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View Diary: DKos Tour Series: Arches National Park (80 comments)

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  •  I've taught Solitaire for many years. I sometimes (19+ / 0-)

    have to remember that the generation of students today, even here in AZ, don't know who Abbey was -- many of them, anyway -- so it's fun to teach his larger-than-life story as much as the books. He spent most of his life toward the end here, teaching at UA in Tucson. By all accounts, he was a taskmaster in the classroom. The last photo of Abbey, predictably, is at a protest over putting a telescope on Mt Graham. He's buried "somewhere" in the desert -- about 4 people know where. We do have a photo of his headstone, which is a rock that says "Ed Abbey, No Comment." He called Arches "Abbey's Navel." Most students really like Solitaire -- it's witty, funny, cantankerous, illuminating, and spot-on. What he was writing more than 40 years ago, especially the stuff about industrial tourism and the growth of Phoenix, hits home. I can't imagine what he'd say today.

    stay together / learn the flowers / go light - Gary Snyder

    by Mother Mags on Sat Feb 16, 2013 at 09:50:29 AM PST

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    •  Five. . . (16+ / 0-)

      who know. . .can you guess who the fifth is? Well, when I was in Tucson, living there, I rented a studio apartment from the guy who got his Ph.D in environmental radicalism, on Abbey, no less, and I got meet Clark A. who finished 'Hayduke,' and later got to meet "Blue Desert" (the author). . .what a character. Anyway, it should not surprise you to hear, Mother Mags, Abbey is more popular today than he was in his time. I have heard this from a top publisher in that area, and, you're right, a lot of the younger gen doesn't quite know who Abbey was, but they'll find out because this environmental gadfly still has his gripes and polemics issuing from that 'vertical' grave. I heard his speak a couple of times, though I never hiked with the man. I know others who did and so I always got an earful of Abbey-in-your-face. What he says today is what you, me, and a collection of others are telling. And, yes, he is fun to teach, but of course we all know it was a tongue-in-cheek take on destroying 'that dam,' but at least Abbey got his literary revenge: he spawned the post monkey wrenchers who have found legal ways to try and keep the feds in check. "Abbey's Navel," indeed. . .Arches. Where it more or less all began. Well, actually, here in the Burqy. . .UNM. . .which is, oddly enough, why I, too, wanted to get some degrees in his main academic preference. . .philosophy. Thanks for posting, as always.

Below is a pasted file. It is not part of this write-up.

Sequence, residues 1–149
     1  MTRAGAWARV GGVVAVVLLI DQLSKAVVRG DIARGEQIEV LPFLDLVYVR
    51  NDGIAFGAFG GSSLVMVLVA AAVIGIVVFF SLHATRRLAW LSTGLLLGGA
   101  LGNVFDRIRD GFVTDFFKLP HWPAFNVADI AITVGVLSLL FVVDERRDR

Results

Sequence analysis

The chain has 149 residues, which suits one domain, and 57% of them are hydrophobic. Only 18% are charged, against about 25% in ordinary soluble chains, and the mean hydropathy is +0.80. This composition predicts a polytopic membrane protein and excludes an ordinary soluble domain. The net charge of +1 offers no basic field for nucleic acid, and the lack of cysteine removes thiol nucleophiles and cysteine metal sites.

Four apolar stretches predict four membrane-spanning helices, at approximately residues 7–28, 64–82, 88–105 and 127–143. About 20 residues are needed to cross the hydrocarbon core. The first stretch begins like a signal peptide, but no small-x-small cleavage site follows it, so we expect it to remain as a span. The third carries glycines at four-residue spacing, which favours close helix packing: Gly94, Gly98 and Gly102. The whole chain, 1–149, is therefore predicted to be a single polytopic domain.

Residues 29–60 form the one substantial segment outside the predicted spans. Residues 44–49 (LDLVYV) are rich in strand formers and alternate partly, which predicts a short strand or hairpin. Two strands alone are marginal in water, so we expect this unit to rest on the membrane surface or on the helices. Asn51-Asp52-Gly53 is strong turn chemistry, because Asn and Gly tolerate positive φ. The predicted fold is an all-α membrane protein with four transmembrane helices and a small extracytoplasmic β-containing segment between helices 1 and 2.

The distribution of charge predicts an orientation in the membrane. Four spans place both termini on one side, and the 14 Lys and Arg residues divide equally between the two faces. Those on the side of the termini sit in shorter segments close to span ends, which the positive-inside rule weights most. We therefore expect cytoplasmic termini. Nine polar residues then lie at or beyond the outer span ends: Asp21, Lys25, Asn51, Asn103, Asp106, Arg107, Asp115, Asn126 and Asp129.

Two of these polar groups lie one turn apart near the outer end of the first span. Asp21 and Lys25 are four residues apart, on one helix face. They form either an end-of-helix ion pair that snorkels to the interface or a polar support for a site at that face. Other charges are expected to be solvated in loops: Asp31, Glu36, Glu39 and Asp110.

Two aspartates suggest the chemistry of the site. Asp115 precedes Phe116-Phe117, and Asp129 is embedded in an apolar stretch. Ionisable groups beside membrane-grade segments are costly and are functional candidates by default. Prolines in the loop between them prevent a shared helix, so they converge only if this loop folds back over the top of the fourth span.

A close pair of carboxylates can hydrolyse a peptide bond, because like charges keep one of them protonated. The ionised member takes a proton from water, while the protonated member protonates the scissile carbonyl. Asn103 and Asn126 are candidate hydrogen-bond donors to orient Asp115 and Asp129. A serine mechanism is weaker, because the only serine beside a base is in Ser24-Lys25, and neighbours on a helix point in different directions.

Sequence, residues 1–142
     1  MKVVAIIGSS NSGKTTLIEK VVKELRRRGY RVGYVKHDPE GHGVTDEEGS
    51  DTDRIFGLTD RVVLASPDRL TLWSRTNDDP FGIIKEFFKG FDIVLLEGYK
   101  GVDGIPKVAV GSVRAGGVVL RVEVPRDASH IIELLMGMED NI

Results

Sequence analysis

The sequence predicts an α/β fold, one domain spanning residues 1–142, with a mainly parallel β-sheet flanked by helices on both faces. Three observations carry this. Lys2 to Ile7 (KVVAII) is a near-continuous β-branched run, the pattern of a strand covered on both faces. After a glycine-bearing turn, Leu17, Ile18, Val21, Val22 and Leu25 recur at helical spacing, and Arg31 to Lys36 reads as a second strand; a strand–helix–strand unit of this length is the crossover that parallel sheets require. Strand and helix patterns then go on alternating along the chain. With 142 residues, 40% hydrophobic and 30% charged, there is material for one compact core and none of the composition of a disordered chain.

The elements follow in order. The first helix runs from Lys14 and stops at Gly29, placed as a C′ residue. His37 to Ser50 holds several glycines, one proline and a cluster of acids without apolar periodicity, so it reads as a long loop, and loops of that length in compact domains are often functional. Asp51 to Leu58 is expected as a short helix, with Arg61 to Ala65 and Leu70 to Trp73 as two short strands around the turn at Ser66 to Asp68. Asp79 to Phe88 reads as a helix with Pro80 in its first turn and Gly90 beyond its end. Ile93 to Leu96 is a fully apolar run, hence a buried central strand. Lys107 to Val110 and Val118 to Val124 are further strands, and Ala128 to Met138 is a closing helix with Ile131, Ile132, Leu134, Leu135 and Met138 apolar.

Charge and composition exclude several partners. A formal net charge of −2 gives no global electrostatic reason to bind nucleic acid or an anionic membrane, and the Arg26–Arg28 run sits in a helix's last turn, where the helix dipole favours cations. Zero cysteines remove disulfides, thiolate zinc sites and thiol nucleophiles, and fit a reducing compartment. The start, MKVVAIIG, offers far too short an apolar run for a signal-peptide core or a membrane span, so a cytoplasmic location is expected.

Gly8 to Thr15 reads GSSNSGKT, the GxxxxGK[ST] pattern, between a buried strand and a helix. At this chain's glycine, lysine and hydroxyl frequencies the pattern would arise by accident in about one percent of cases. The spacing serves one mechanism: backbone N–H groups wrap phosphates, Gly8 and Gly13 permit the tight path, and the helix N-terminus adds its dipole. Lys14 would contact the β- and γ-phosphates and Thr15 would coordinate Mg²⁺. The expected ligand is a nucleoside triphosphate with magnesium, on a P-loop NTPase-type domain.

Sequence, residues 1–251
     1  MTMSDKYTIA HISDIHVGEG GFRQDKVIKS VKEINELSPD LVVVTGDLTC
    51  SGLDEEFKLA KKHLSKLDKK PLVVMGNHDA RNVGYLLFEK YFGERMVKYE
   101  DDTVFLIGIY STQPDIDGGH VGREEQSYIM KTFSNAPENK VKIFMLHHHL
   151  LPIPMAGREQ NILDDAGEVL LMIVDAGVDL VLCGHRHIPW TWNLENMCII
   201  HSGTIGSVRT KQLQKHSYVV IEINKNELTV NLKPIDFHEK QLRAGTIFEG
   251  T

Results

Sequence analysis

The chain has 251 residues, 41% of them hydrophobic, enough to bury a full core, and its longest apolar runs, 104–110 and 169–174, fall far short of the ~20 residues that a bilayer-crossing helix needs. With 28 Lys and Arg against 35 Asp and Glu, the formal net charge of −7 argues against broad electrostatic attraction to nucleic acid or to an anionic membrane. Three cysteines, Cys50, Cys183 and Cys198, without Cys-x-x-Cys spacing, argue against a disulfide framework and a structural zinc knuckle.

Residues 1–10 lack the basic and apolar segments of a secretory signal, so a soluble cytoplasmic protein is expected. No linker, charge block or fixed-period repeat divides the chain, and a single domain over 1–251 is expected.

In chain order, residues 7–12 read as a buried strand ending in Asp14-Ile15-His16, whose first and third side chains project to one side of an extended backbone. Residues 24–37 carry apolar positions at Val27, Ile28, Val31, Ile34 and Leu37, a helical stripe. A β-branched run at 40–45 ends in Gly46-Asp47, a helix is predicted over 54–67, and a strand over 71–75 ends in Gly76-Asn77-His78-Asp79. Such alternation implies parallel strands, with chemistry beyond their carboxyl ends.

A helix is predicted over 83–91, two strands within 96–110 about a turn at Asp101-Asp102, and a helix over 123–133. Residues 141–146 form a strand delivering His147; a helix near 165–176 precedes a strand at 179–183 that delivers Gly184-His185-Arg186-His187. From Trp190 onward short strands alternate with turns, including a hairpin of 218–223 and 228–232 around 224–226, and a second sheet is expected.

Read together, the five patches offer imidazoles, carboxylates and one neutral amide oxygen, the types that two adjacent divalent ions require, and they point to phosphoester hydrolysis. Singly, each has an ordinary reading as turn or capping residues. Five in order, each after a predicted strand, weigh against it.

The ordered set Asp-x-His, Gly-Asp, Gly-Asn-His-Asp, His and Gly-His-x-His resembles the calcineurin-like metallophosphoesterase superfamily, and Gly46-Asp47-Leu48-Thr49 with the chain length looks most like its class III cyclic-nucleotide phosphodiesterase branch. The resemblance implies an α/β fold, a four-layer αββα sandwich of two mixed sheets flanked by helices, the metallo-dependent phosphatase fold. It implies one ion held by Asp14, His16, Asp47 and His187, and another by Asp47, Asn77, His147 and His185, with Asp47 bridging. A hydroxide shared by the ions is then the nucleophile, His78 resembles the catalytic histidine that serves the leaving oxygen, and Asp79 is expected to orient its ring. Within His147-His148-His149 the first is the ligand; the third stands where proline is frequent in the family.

Treat the world (yourself, and others) as part of a living organism. Everyone and everything will benefit.

      by richholtzin on Sat Feb 16, 2013 at 10:37:58 AM PST

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    •  My favorite "Western" film, Lonely Are the Brave (2+ / 0-)
      Recommended by:
      BlueOak, Redfire

      was based on Abbey's 2nd novel, The Brave Cowboy.  Kirk Douglas read the book when it came out and fell in live with the story, insisting that Universal Pictures make a movie of it with him as the lead.  They brought in screenwriter Dalton Trumbo, who had been formerly blacklisted, and had written the script for Spartacus earlier in his career.

      It really isn't a western so much as a movie set in the West.  I highly recommend it.  Abbey's themes of individualism, self reliance, ambivalence towards modernity and preference for the natural environment over the manmade one are captured well in the would be a good introduction the the author in your class.

      Oregon:'s cold. But it's a damp cold.

      by Keith930 on Sun Feb 17, 2013 at 06:22:04 AM PST

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